Yet another family function yesterday, and we skipped lunch entirely. While it was at a temple and it was well known that lunch would be served rather late (two red flags already), it was more of scheduling issues that we decided to go there for breakfast instead.
Breakfast was pretty good (the wife was pleasantly surprised – she has completely given up on function meals), though I started feeling hungry earlier than I would have wanted to.
In any case, coming back to my original rant on quality of function meals going down, I have a new hypothesis related to an old one. Basically, it’s the increasing bargaining power of the caterers.
Until just about ten years ago, my family eschewed “caterers” and instead employed cooks whose job was to cook with the ingredients provided. The cook, upon being given a menu, would give a list of ingredients and we would procure them. Based on the list, they would bring the appropriate number of cooks, who would be paid on a person hour basis.
It was in the 1990s, I think, along with liberalisation (when you could easily buy groceries in the open market), that cooks moved up the value chain to become caterers. They spared the hosts of the problem of procuring raw materials, and started providing meals, and charging on a per-plate basis. It was just that our family was late to adopt to this practice.
Soon, caterers started providing all-in-one service. The guy who catered for our wedding, for example, also provided the photography services, pooja materials, decoration of the wedding hall and all other sundries. In fact, he would have also been willing to provide for the priests, had we so demanded. “I have set up my business such that the parties getting married don’t need to do anything. They can just turn up and get married”, he had once told us.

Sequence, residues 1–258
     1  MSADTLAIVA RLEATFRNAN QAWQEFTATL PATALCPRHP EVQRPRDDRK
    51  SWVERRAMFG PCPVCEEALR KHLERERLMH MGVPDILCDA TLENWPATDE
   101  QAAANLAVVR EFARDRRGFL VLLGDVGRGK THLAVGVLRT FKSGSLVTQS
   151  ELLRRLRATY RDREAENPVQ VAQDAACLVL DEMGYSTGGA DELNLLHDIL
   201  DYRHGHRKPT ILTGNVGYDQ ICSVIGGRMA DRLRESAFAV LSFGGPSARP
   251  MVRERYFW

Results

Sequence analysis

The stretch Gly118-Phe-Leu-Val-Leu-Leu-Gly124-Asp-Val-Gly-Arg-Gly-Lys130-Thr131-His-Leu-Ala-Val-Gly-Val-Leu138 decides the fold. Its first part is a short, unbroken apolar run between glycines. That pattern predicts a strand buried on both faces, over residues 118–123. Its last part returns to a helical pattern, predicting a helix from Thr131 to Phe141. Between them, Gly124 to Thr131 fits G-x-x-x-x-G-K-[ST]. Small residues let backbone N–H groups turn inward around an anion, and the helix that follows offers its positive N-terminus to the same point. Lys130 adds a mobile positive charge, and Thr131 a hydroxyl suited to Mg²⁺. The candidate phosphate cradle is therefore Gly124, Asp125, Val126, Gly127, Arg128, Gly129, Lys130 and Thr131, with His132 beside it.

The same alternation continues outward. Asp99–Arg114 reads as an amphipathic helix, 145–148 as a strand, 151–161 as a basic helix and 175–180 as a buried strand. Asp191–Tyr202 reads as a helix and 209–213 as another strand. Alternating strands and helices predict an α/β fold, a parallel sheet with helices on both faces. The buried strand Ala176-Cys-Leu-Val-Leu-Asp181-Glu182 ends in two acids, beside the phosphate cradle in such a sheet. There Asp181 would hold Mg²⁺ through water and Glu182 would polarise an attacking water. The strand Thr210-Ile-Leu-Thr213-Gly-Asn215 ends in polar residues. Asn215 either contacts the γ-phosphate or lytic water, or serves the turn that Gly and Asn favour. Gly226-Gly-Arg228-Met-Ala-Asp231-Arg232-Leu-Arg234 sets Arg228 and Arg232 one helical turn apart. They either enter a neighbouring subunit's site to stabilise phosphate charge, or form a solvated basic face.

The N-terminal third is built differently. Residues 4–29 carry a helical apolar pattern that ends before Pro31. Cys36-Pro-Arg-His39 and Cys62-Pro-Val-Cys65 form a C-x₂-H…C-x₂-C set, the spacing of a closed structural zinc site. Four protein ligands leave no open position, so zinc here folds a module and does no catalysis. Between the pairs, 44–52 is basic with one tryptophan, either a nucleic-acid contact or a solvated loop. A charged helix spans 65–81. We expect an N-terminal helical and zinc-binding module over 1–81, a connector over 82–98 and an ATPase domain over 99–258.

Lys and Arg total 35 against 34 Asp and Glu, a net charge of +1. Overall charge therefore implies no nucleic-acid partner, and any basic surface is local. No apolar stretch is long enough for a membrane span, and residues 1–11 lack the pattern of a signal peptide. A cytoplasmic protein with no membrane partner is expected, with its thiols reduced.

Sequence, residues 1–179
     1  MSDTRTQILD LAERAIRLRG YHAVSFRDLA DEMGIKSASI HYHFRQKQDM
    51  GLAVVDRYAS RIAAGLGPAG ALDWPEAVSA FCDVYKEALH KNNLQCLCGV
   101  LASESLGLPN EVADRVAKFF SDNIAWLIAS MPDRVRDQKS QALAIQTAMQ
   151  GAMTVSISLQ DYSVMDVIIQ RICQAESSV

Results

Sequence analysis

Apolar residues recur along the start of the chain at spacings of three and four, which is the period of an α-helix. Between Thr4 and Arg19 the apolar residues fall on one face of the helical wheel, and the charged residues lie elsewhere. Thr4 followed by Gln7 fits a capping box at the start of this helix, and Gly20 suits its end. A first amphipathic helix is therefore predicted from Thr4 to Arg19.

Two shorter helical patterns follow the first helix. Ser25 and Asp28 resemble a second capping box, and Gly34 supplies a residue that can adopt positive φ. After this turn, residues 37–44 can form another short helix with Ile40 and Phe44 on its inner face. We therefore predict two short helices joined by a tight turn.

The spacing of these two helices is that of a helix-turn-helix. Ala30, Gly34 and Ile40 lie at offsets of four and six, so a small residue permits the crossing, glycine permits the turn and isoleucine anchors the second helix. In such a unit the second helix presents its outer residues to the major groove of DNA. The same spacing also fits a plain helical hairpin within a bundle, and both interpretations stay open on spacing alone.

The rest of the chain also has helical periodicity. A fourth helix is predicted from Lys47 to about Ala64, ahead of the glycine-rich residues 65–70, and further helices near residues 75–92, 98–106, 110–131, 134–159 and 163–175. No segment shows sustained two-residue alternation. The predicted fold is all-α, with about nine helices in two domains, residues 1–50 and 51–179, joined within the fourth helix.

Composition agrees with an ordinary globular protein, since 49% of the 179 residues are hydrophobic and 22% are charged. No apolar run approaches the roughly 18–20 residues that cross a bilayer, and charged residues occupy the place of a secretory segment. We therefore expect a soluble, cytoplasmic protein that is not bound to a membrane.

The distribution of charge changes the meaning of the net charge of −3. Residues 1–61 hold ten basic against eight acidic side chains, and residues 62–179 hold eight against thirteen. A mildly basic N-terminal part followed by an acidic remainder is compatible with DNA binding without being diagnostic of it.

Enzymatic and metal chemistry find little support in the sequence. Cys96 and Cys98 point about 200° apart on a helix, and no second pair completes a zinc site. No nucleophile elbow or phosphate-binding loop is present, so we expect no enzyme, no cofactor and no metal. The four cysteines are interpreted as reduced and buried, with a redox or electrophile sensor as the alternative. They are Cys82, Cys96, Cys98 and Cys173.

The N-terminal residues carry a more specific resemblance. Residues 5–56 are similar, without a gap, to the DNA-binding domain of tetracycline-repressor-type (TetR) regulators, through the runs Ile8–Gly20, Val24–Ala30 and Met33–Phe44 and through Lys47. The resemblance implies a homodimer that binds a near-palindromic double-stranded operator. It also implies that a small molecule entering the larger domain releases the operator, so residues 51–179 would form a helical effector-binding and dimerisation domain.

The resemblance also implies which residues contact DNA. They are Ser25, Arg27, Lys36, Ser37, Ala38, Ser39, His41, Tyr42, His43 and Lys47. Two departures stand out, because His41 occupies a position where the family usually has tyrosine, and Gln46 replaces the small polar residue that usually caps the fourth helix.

And as caterers moved further up the value chain, they became superstars. Moreover, their operations became more process driven which meant that there needed to be standardisation. And standardisation meant less customisation, and they started pushing back.
You would say, “one sweet is enough”, and they would push back with “no, you need two. Our experience suggests that’s the best”. You might ask for some “exotic” item, but they would provide a valid-sounding reason as to why that was not possible.
And so it would go – nowadays if you engage any of these superstar caterers, you have very little control over the menu. You get your choice of sweets and stuff, but in terms of the overall menu, the caterer makes most of the decisions. So even if you are particularly inclined to provide nutritious food to your guests, there is a good chance your caterer will overrule.
Now I make a leap of faith – by hypothesising that this standardisation of the menu is responsible for the declining quality of food and menu choice in most functions and weddings. In other words, now that we are at the Nash equilibrium of caterer control and a certain menu that isn’t nutritious, there isn’t much we can do to improve the quality of food served at functions.
I guess I’ll just stick to eating at home before going to functions, especially when it’s going to be food served on a banana leaf.